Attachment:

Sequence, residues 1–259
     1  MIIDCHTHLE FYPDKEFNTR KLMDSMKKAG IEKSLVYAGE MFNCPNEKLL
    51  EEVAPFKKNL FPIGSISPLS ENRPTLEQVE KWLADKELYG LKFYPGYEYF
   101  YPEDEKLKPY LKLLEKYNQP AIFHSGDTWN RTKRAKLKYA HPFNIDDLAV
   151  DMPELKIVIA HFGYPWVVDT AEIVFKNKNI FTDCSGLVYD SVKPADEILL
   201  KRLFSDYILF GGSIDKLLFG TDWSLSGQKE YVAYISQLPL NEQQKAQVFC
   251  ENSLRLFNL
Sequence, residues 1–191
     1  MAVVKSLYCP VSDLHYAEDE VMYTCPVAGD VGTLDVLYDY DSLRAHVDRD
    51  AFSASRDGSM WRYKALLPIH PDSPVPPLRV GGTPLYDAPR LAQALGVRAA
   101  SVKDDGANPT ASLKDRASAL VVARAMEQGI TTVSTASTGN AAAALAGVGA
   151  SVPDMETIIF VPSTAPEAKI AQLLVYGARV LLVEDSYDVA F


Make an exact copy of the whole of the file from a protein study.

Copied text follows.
Sequence, residues 1–259
     1  MIIDCHTHLE FYPDKEFNTR KLMDSMKKAG IEKSLVYAGE MFNCPNEKLL
    51  EEVAPFKKNL FPIGSISPLS ENRPTLEQVE KWLADKELYG LKFYPGYEYF
   101  YPEDEKLKPY LKLLEKYNQP AIFHSGDTWN RTKRAKLKYA HPFNIDDLAV
   151  DMPELKIVIA HFGYPWVVDT AEIVFKNKNI FTDCSGLVYD SVKPADEILL
   201  KRLFSDYILF GGSIDKLLFG TDWSLSGQKE YVAYISQLPL NEQQKAQVFC
   251  ENSLRLFNL
Sequence, residues 1–191
     1  MAVVKSLYCP VSDLHYAEDE VMYTCPVAGD VGTLDVLYDY DSLRAHVDRD
    51  AFSASRDGSM WRYKALLPIH PDSPVPPLRV GGTPLYDAPR LAQALGVRAA
   101  SVKDDGANPT ASLKDRASAL VVARAMEQGI TTVSTASTGN AAAALAGVGA
   151  SVPDMETIIF VPSTAPEAKI AQLLVYGARV LLVEDSYDVA F